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Re-creating Ansel Adams's
Born Free and Equal

Marc Rochkind

24-July-2012

 

Manzanar, located about 185 miles north of Los Angeles, was one of ten relocation centers formed pursuant to an executive order issued by President Roosevelt in early 1942, just a few months after the attack on Pearl Harbor. About 110,000 people of Japanese descent were interned in these camps; of those, over 60% were native born American citizens. There were no charges of disloyalty, no trials, and no hearings. While the internment is almost universally recognized today as unjust, at the time it was strongly supported by most Americans, especially on the west coast. In 1983 a commission established by the US Congress called the internment "unjust and motivated by racism rather than real military necessity" and reparations were paid. The US Supreme Court never explicitly ruled the internment unconstitutional.

Ansel Adams went to Manzanar in the fall of 1943 not to document the harsh conditions under which the internees were held, but, just the opposite: to show that the people there were Americans just like anyone else. To this end, he showed family life, factories, offices, the farm, the park, sports activities, artists, civic meetings, the hospital, the school, and church services. He wanted to show these loyal Japanese-Americans not as an "abstract, amorphous, minority group" (his words), but "on a human, emotional basis, accenting the realities of the individual and his environment".

In May 1944 Adams went to New York to show his Manzanar photographs at the Museum of Modern Art along with text he had written. After several delays and funding difficulties, the show went on, but the Museum changed Adams's ironic title, "Born Free and Equal", to the more neutral "Manzanar", and also weakened his text.

U. S. Camera planned to publish the photographs along with an expanded text. Unfortunately, the book was put together in haste. Adams had already returned to California. In the words of Nancy Newhall, who wrote a review in June, 1946:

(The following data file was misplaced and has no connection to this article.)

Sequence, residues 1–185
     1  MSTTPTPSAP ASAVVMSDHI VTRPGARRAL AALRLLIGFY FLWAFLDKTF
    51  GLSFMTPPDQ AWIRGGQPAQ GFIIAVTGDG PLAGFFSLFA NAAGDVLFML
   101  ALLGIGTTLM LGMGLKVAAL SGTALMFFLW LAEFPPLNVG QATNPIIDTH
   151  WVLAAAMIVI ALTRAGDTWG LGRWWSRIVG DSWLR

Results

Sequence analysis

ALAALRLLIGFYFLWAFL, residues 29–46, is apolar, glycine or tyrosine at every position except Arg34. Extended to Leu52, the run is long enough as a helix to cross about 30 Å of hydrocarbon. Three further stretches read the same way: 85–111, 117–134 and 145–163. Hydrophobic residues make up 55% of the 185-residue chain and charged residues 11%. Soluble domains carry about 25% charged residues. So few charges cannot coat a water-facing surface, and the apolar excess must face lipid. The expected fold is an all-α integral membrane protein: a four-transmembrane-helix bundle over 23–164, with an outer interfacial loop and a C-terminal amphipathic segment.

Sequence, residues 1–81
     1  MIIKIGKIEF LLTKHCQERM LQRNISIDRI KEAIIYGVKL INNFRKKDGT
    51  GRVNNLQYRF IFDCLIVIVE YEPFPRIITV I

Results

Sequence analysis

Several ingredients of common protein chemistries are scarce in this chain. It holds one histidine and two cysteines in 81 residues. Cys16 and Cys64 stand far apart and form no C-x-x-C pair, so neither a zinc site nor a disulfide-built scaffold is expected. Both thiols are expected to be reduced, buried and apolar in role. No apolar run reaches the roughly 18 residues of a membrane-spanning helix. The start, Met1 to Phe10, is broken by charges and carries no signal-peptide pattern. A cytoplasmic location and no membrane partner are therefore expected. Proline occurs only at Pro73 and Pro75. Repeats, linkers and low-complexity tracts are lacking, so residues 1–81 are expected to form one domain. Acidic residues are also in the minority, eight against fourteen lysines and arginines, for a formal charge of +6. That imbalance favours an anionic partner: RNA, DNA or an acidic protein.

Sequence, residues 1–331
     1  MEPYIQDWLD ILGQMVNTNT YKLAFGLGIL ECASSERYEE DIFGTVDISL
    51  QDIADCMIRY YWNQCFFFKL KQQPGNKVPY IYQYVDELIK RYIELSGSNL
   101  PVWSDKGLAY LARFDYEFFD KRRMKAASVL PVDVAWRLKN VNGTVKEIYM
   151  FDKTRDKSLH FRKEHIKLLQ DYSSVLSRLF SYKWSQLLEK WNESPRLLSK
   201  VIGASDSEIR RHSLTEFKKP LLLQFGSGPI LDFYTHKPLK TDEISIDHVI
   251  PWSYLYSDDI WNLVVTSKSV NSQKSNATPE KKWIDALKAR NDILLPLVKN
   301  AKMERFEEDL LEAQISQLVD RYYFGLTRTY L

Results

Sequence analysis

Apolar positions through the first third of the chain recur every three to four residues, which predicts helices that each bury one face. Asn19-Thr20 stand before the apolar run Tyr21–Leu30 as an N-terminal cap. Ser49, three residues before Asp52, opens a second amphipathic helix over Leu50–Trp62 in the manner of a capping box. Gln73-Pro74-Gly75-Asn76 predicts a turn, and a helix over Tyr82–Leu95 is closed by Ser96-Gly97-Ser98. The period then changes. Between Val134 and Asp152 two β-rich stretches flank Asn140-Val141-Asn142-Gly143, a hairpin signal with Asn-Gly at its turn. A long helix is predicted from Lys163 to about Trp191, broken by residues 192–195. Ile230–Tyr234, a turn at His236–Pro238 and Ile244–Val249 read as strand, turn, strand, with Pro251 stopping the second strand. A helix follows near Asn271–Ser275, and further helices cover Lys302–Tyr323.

The actual assembly of the book was entrusted to an inexperienced assistant, who nearly broke down under the strain. To me [Newhall], the books bear the marks of this haste and confusion. Physically, for a book designed to sell cheaply and produced in wartime, the number, size, and comparative quality of the illustrations are admirable. But illustrations and text continually interrupt each other. Instead of a close relation, building logically to a climax, sequences of photographs which often cumulate prematurely are scattered through the text, compelling the reader with half a sentence hanging in his mind to leaf through several pages of illustrations before he can get on with it. The text is uneven. Parts of it are brilliant by themselves and somewhat repetitive when read together. Crisper characterization in the interviews with individuals, and possibly juxtaposition with the big closeup portraits, would have added to the strength and the directness of the impression. It would have been well, when the original sequence was discarded, to have started with a totally fresh concept. These faults are due to lack of that careful and incisive editing every book, and especially one as potentially great as this one, should receive.

In my view, Newhall overstated the problems with the book. While the text is a little rough in spots, on the whole it's well written and extremely compelling, and should be essential reading for anyone seriously interested in Ansel Adams.

Adams allowed the copyright on the book to lapse, so it's now in the public domain. The Library of Congress has a scan of its copy on its website for anyone to view or download. Adams also donated 209 photographic prints and 242 original negatives of Manzanar to the Library of Congress between 1965 and 1968, and these are now in the public domain also. During his time at Manzanar, Adams made two of his most famous photographs: Mount Williamson, the Sierra Nevada, from Manzanar, California, 1944 and Winter Sunrise, the Sierra Nevada, from Lone Pine, California, 1944, but these were not part of the bequest to the Library of Congress. Three other landscapes that appeared in the book were also omitted.